- Macro capability. The RX100 isn’t that great hear but it’s much better than the Canon G1X which was another camera I considered. I also have the option of fitting a close up lens (52mm screw in) which I already own from years ago.
My suggestion if you are thinking of changing your camera is to work out the features that are essential to you and place them in order of priority. You can then rank the various cameras against these.
There were some aspects of the RX100 that I wasn’t happy with and perhaps I will have to learn to tolerate:
- Because of its small size and shape it isn’t as easy to grip with 1 hand as the LX5. I think however that a leather half case will resolve this if I can manage to take out a second mortgage to pay the inflated price of the Sony case (but it’s really nice).
- The wide angle 28mm is limiting. I would have liked the zoon range to be 24mm – 120mm.
And if you are wondering, no I’m not selling the LX5, at least not for a while yet as it’s still a great camera and there is just something about it that I can’t put my finger on.
I am very pleased to announce that my new book “How to Avoid and Remove Image Noise with Nik Dfine 2” is now live on Amazon and priced at only USD3.99 or GBP2.54. The book is organised into three parts:
- Part 1 examines the sources of noise in digital photography and outlines the steps you can take to prevent or minimise it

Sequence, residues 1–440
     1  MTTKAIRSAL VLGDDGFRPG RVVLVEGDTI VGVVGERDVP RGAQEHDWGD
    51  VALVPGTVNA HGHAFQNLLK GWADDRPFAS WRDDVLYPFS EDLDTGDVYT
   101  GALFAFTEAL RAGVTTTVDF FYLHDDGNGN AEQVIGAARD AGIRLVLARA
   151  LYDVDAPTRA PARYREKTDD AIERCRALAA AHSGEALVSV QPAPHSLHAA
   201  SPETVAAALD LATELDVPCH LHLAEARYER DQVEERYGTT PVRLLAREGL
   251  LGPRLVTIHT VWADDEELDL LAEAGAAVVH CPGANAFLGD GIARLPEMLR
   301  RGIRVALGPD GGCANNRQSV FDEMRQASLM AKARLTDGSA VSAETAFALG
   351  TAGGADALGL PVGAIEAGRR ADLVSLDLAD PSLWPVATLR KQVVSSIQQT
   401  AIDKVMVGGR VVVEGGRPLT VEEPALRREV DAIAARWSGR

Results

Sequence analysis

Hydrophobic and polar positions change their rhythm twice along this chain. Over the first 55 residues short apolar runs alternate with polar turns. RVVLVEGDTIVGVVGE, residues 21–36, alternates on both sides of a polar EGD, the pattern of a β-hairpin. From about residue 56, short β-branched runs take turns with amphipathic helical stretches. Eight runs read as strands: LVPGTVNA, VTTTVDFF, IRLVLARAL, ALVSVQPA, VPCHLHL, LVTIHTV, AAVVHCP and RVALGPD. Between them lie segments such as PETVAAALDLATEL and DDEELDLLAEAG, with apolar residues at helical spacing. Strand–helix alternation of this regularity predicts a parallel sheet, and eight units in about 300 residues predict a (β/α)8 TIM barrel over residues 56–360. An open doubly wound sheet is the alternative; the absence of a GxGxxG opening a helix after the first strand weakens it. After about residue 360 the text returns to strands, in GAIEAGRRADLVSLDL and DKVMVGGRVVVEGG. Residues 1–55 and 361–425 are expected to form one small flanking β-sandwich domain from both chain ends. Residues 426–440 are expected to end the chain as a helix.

- Part 2 covers the Nik Dfine software, how it operates and how you can improve its performance over the default settings
- Part 3 covers two worked examples and is supported by two full resolution images (including the one above) that can be downloaded from my Lenscraft website
I have long believed noise avoidance and reduction is a key skill and one that will make your work stand out from the crowd when done correctly. Nik Dfine is just one of three noise solutions I use (the other two are Neat Image and Topaz DeNoise) and produces very natural looking results so is ideal for Landscape and nature Photography.
Because of the specialist nature of the book I can only release it electronically. But don’t worry if you don’t have a Kindle as Amazon provide free Kindle reader software for the PC, Mac, iPad, iPhone and Android platforms.
I have mentioned here before that this will be the year that I finally upgrade my beloved LX5. Not because it doesn’t perform but because it’s being surpassed by new technology that has a lot more to offer me. My intention however was to earn the cost of the upgrade by selling Microstock, something I had promised to blog about in the future.